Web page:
|MILTON VERAN WILLIAMS,|
|RON WARD, Director, Department of Corrections,|
This is a pro se 28 U.S.C. § 2254 prisoner appeal. Petitioner challenges the district court's decision adopting the magistrate judge's report and recommendation ("R&R") denying his habeas petition, which alleged various constitutional violations arising out of his state court convictions for grand larceny, unlawful possession of a controlled substance, and unauthorized use of a vehicle. After liberally construing the petition, the district court, adopting in full the magistrate judge's R&R,(1) denied the request for habeas corpus relief. Thereafter, Petitioner requested a certificate of appealability and moved to proceed in forma pauperis on appeal. The district court denied Petitioner's requests because "Petitioner [had] not presented a reasoned, nonfrivolous argument on appeal and [because] the appeal [was not] taken in good faith." Dist Ct. Order, May 26, 2004, at 2. Petitioner has renewed those requests with this court.
In order for this court to grant a certificate of appealability, Petitioner must make "a substantial showing of the denial of a constitutional right." 28 U.S.C. § 2253(c)(2) (2000). To do so, Petitioner must demonstrate "that reasonable jurists could debate whether (or, for that matter, agree that) the petition should have been resolved in a different manner or that the issues presented were adequate to deserve encouragement to proceed further." Slack v. McDaniel, 529 U.S. 473, 484 (2000) (internal quotations and citation omitted). When a habeas petition is denied by the district court for procedural reasons, as was partly the case here, Petitioner must clear the added hurdle of showing "that jurists of reason would find it debatable whether the district court was correct in its procedural ruling." Id.
We have carefully reviewed Petitioner's brief, the district court's disposition (including the R&R from the magistrate judge), and the record on appeal. Nothing in the facts, the record on appeal, or Petitioner's brief raises an issue which meets our standard for the grant of a certificate of appealability. For substantially the same reasons as set forth by the magistrate judge in her R&R and by the district court in its May 26, 2004, Order, we cannot say "that reasonable jurists could debate whether (or, for that matter, agree that) the petition should have been resolved in a different manner." Id.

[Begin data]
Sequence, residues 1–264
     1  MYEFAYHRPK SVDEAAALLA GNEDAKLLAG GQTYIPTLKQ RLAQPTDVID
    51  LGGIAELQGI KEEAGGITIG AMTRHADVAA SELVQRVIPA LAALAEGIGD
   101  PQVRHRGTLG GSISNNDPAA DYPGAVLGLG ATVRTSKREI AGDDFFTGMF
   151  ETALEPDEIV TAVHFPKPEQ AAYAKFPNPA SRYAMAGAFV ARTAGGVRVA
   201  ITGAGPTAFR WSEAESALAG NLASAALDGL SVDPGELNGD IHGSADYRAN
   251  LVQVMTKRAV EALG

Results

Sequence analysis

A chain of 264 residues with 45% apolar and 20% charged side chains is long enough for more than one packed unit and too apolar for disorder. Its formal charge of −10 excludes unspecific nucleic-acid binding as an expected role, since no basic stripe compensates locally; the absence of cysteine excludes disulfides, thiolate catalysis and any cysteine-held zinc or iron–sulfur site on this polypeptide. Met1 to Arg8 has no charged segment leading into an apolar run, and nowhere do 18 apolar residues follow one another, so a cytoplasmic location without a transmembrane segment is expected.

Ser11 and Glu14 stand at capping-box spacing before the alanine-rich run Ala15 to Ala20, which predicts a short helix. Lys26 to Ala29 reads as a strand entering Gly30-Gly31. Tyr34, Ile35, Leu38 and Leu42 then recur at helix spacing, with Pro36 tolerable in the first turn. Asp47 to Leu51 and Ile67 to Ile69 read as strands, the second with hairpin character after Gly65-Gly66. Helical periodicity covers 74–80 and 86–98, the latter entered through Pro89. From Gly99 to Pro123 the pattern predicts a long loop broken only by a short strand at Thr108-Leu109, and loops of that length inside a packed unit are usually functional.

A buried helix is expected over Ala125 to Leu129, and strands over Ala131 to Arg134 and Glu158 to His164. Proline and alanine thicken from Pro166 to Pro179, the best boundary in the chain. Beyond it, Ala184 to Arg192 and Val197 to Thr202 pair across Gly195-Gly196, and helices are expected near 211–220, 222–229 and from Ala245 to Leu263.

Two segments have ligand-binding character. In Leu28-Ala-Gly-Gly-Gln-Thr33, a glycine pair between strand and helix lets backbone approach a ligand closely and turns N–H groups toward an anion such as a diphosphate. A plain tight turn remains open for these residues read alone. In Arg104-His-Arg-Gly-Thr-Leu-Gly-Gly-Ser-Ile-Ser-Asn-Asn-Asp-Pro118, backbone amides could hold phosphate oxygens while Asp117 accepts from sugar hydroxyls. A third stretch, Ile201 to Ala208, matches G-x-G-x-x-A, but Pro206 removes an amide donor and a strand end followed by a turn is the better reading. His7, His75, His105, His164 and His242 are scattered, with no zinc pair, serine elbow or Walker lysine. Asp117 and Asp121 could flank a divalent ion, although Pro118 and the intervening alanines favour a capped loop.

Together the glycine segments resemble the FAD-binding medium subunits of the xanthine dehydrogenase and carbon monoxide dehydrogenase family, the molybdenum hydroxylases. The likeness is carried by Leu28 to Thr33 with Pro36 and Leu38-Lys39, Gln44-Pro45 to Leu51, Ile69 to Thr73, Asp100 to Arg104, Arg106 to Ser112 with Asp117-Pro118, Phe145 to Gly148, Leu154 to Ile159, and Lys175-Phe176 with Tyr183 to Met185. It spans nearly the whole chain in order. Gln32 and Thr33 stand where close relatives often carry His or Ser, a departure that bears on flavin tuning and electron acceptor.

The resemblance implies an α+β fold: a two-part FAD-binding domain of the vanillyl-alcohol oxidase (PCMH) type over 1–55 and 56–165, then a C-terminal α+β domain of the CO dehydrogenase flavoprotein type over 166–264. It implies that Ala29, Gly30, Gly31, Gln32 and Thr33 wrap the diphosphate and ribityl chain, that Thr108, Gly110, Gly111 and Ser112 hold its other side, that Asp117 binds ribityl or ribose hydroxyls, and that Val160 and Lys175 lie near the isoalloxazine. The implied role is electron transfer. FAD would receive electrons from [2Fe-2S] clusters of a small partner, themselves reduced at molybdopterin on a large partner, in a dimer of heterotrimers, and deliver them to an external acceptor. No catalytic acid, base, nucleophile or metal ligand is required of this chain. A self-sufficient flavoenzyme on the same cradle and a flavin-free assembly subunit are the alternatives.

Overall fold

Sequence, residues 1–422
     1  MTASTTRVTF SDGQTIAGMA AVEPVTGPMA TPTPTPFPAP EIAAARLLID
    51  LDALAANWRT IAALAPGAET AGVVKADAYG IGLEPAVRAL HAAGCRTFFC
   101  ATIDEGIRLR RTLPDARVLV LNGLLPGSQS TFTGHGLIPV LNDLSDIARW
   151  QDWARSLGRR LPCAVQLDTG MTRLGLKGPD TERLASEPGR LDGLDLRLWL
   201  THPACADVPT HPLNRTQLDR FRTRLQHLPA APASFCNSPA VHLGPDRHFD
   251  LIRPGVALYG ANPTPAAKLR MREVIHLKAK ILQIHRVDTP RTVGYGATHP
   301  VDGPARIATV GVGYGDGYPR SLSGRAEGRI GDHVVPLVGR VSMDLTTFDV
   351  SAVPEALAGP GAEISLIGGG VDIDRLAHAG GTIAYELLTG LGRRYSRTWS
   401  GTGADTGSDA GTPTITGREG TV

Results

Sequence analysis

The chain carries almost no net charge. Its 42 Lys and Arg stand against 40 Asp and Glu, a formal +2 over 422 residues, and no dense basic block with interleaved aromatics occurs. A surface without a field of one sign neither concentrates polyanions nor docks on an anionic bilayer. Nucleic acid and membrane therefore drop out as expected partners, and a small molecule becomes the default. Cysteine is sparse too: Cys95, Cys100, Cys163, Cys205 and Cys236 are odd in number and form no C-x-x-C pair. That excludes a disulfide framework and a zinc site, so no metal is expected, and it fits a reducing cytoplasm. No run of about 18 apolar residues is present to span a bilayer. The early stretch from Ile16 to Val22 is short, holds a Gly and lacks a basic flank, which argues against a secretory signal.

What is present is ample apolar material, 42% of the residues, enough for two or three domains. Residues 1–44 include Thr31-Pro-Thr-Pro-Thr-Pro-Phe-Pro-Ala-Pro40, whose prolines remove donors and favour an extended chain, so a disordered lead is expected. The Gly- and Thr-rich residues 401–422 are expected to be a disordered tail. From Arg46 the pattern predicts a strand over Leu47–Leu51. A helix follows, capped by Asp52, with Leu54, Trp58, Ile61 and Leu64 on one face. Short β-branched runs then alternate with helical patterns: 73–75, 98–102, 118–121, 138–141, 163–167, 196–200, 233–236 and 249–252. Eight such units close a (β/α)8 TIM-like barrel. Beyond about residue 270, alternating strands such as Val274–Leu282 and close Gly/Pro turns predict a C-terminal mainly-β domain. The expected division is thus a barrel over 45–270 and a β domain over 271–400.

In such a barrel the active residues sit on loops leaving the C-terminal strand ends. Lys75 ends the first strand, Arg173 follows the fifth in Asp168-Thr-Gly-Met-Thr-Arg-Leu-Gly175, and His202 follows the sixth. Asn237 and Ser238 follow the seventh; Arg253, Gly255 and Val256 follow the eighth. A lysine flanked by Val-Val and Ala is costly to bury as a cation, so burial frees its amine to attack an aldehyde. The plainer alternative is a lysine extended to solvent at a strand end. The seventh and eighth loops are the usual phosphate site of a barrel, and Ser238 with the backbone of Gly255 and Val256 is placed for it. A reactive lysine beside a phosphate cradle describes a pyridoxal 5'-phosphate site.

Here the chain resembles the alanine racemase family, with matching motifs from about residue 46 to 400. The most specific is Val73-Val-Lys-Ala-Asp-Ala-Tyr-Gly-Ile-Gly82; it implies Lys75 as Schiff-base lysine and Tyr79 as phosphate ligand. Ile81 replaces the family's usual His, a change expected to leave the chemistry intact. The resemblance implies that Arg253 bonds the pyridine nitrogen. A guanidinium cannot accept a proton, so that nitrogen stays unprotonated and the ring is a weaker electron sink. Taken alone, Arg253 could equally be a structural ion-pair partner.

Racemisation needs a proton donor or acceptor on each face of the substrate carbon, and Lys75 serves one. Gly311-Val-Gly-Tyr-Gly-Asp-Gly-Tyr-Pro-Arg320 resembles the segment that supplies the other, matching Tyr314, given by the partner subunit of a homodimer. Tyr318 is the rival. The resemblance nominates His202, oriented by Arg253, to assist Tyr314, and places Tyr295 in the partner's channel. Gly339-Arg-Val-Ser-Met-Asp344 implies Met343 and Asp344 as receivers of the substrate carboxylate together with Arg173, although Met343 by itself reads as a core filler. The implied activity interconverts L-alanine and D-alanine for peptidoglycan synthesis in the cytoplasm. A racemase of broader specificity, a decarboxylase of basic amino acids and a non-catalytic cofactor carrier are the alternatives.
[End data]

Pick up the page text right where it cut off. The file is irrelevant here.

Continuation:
We DENY Petitioner's request for a certificate of appealability and DISMISS the appeal. Petitioner's motion to proceed in forma pauperis is GRANTED. Finally, Petitioner has submitted papers fashioned as a "new appeal" seeking to overturn the district court's decision to deny bail and to consolidate it with this appeal. We have construed Petitioner's submission as a
motion and DENY it as moot.
Entered for the Court
Monroe G. McKay
*. This order and judgment is not binding precedent, except under the doctrines of law of the case, res judicata, and collateral estoppel. The court generally disfavors the citation of orders and judgments; nevertheless, an order and judgment may be cited under the terms and conditions of 10th Cir. R. 36.3.
1.The magistrate judge issued a seventeen-page R&R concluding, after liberally construing the petition, that Petitioner was barred from re-litigating his Fourth Amendment claims, that certain claims were unexhausted and therefore procedurally defaulted, and that Petitioner could not demonstrate deficient attorney performance on his one non-defaulted ineffective assistance of counsel claim. See Report and Recommendation at 7, 9, 15-16.